TikTok has created a Safety Advisory Council for Europe, made up of external experts on child safety, mental health and extremism.
The move is designed to allay concerns about the safety of young people on the platform, and follows the creation of a Content Advisory Council in the US this time last year.
That council was focused largely on preventing election disinformation and ensuring data protection within the Chinese-owned company. In the case of the new European organisation, though, the emphasis will be on young people’s safety and mental health.
“Each member brings a different, fresh perspective on the challenges we face and members will provide subject matter expertise as they advise on our content moderation policies and practices,” says Julie de Bailliencourt, head of product policy, EMEA.
“Not only will they support us in developing forward-looking policies that address the challenges we face today, they will also help us to identify emerging issues that affect TikTok and our community in the future.”
The nine members include the CEOs of several young people’s charities and support programs across Europe, as well as Ethel Quayle, professor of forensic clinical psychology at the University of Edinburgh and Judy Korn, CEO of the German organisation Violence Prevention Network and Robin Sclafani, director at A Jewish Contribution to an Inclusive Europe (CEJi).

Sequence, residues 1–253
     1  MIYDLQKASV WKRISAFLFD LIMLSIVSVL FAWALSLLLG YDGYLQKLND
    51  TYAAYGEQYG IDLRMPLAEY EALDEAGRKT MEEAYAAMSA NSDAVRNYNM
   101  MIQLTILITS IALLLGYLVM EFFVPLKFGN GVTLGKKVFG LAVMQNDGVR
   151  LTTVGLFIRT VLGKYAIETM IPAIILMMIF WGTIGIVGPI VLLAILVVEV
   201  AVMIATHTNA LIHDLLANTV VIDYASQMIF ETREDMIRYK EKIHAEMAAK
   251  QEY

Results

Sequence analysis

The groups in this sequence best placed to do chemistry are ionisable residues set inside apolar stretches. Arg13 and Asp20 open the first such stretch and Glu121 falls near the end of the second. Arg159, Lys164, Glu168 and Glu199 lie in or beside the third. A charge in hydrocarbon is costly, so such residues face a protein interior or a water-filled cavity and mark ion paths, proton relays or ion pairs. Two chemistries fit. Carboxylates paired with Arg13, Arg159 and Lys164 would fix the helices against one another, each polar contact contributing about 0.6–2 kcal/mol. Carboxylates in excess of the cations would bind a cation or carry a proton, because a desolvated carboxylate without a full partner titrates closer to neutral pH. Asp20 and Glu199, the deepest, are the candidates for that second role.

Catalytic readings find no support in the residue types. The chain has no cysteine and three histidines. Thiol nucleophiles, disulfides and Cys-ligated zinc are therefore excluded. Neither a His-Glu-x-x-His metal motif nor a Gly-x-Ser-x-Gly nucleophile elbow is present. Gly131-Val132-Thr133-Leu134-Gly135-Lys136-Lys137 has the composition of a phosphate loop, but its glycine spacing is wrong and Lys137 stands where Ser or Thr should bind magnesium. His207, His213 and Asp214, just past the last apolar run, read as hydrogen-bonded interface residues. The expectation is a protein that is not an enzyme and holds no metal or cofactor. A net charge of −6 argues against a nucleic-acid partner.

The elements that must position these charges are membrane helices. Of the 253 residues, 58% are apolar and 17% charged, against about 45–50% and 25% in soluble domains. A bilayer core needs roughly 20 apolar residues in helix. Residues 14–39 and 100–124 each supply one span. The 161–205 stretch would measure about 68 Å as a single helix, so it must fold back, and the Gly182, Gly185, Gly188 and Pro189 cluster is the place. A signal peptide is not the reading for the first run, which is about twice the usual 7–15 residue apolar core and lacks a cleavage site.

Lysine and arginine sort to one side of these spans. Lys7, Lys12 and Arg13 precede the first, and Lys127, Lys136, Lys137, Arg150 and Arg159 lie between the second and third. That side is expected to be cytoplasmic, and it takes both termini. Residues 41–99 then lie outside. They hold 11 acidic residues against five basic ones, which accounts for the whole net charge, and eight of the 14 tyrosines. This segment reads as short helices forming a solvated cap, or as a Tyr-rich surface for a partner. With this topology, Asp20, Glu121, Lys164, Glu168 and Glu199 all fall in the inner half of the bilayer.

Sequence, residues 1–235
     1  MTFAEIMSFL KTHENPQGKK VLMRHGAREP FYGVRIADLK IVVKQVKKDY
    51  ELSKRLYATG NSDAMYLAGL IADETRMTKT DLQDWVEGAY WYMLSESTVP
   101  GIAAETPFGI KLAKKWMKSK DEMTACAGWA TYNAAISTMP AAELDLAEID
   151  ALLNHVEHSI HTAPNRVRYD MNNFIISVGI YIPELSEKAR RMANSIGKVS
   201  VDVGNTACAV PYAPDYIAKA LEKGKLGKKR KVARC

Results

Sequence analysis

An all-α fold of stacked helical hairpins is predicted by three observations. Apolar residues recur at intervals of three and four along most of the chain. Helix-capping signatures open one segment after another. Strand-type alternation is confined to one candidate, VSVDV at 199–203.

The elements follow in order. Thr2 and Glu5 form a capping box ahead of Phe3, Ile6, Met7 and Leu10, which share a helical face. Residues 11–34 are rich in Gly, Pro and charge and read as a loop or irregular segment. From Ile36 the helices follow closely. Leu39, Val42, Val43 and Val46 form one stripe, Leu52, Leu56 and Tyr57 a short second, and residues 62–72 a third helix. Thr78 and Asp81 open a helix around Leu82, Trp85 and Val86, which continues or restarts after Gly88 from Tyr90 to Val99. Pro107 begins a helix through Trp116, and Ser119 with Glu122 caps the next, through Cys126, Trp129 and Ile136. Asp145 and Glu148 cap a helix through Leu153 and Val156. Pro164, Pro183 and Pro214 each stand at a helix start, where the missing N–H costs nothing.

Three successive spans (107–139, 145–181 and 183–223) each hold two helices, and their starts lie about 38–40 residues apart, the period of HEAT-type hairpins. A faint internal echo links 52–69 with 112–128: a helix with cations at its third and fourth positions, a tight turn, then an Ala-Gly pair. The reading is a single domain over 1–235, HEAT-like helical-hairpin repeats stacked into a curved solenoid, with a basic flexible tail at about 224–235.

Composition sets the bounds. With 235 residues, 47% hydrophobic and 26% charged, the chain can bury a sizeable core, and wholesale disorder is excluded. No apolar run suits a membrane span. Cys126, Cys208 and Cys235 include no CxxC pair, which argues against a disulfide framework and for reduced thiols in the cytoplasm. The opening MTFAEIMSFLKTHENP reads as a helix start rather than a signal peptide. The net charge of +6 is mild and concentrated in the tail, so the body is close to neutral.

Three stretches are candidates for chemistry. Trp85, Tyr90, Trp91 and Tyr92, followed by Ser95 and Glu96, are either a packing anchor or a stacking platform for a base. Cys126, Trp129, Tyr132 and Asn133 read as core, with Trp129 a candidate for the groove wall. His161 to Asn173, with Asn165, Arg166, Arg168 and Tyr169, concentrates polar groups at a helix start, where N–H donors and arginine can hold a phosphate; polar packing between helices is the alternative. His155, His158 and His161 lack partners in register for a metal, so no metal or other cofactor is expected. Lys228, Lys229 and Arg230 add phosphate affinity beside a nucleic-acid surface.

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TikTok says it plans to add more members over time.
The creation of the council is intended to answer criticism of the platform, which is already subject to legal action.
The European Consumer Organisation (BEUC), for example, recently lodged complaints with the EU and European data protection agencies, claiming that TikTok is guilty of multiple breaches of EU consumer rights, and that it fails to protect children from hidden advertising and inappropriate content.
“TikTok is letting its users down by breaching their rights on a massive scale,” says Monique Goyens, Director General of BEUC. “Children love TikTok but the company fails to keep them protected.”
Meanwhile, in the UK, the Information Commissioner is already examining how TikTok handles young people’s personal data, and in Italy the company has been ordered to re-verify the age of all users in the country to weed out under-13s.
The company will also soon be expected to comply with the EU’s planned Digital Services Act, aimed at improving user protection in terms of content moderation, online targeted advertising and the recommender systems used by online platforms.